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    The impact of education on economic growth in South Africa.
    (2018) Deppa, Ntsapokazi.; Chikandiwa, Christopher.
    ABSTRACT Education is acknowledged as a crucial mechanism of advocating economic growth of developing countries. The theoretical model of education on economic growth originates from the human capital theory which attests that investing in education yields positive externalities such as increased efficiency and productivity, improved technology, better salaries, and innovation and knowledge capacity. This study investigated the impact of all levels of education and its positive externalities such as better salaries, the field of study, and enhanced innovation, research and development, on economic growth in all the nine provinces of South Africa using yearly panel data from 2001 to 2014. The study applied XLSTAT econometrics model to test for stationarity, Johansen co-integration and Vector Error Correction Modelling (VECM) Lagrange Multiplier (LM) and Jacque-Bera tests. The co-integration tests showed that education at all levels, except for matric for most provinces, has a positive effect on economic growth and that the outcome fluctuates across the provinces. For matric and GDP, co-integration was observed for only KwaZulu-Natal and Mpumalanga provinces. Government expenditure towards education, the field of study and innovation, research and development also play a role in the economic growth of South Africa. The results emphasize that the South African government must allocate more funding towards education funding, encourage more innovation, research and development, and focus more on improving the quality of the education system. Keywords: Economic growth, education, panel data, unit root, stationarity, co-integration.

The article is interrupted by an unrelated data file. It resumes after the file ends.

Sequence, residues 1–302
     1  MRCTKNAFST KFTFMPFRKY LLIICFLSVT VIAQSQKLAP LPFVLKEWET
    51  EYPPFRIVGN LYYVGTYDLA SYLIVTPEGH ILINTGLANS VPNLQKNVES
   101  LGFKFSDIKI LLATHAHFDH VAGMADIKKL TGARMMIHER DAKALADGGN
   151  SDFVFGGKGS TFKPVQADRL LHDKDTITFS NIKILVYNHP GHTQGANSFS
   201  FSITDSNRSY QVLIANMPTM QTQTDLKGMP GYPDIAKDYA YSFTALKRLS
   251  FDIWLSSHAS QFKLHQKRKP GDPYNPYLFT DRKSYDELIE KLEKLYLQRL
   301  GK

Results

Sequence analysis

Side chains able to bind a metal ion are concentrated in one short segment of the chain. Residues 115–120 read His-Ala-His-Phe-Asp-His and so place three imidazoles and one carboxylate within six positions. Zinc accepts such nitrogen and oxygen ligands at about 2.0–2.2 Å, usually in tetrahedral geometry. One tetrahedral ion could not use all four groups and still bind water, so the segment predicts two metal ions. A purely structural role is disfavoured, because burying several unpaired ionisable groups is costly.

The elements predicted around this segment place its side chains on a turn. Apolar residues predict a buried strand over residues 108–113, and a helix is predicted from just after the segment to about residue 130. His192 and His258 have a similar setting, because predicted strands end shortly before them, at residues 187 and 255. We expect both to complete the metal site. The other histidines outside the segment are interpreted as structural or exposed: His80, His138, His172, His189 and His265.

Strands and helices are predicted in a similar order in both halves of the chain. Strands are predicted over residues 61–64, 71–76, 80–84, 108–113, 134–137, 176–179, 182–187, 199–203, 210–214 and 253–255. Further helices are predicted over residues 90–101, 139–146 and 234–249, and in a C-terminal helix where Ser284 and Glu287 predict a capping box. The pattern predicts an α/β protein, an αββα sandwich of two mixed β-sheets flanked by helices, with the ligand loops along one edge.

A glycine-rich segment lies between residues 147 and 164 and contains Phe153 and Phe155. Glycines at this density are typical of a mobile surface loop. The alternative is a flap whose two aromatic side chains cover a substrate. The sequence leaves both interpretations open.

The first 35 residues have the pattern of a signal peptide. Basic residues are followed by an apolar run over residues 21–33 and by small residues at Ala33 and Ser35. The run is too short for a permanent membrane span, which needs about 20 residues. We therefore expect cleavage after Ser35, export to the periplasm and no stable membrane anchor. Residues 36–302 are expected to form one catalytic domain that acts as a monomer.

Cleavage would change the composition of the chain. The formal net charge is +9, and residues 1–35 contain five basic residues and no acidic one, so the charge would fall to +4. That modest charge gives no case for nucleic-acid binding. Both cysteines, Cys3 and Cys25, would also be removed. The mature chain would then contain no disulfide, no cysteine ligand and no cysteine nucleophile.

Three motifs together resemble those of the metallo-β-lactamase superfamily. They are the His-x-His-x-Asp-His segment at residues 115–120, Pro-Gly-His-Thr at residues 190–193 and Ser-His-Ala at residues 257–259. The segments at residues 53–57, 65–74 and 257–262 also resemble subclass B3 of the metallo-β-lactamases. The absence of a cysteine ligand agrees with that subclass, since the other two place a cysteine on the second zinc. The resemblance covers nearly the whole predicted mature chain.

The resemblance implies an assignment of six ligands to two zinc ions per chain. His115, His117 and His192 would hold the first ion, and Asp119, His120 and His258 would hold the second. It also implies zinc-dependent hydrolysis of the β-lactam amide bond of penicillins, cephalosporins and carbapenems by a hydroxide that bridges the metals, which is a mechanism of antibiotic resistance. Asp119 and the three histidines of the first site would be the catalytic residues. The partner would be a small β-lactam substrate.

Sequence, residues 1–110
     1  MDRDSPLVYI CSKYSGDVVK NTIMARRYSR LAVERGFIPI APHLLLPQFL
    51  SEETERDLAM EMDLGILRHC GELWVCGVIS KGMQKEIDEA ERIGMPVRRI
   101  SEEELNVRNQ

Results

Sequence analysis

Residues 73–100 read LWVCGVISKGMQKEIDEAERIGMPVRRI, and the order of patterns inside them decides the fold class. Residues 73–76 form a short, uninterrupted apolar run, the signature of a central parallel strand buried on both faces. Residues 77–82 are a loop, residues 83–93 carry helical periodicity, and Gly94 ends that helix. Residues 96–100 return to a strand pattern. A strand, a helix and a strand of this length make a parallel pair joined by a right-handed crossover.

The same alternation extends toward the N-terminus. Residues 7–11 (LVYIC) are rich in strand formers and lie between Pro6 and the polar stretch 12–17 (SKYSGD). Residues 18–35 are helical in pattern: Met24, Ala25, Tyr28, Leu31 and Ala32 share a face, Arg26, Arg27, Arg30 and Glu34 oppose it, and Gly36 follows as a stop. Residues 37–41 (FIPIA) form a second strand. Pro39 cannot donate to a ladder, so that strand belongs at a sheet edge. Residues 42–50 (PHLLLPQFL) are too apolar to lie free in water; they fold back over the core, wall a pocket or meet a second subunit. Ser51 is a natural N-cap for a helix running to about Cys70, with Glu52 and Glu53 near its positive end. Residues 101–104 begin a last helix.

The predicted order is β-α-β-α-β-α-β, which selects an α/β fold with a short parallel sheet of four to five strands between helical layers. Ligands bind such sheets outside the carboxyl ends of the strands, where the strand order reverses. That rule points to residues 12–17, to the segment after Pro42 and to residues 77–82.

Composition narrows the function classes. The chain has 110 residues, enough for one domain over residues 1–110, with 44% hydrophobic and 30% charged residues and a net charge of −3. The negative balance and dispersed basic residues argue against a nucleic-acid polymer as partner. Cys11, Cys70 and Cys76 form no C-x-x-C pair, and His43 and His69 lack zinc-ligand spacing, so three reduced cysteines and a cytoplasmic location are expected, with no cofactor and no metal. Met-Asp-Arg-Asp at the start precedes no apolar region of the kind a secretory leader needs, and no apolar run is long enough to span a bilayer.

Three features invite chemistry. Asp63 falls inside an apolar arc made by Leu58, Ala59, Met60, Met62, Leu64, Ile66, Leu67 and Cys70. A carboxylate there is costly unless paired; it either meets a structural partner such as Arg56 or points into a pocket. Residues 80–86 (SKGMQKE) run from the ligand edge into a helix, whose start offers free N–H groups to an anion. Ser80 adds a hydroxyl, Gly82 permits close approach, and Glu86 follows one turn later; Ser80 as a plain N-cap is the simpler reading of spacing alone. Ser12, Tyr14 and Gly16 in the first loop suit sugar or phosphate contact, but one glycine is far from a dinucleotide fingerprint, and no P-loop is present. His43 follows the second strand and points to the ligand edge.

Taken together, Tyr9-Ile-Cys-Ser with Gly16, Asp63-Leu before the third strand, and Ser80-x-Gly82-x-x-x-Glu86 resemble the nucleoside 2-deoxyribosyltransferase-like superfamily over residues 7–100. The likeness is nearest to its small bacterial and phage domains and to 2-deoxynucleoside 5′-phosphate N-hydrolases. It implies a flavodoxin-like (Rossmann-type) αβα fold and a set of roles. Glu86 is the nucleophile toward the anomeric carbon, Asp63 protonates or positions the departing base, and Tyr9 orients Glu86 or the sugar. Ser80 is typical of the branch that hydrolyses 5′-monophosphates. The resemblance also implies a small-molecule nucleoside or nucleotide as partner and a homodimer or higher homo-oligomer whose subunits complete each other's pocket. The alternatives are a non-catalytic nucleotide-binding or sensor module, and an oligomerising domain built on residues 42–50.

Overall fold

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    An evaluation of South African Business Schools' brand management strategies and its effect on students; (a case study of the UKZN GSB’s MBA programme)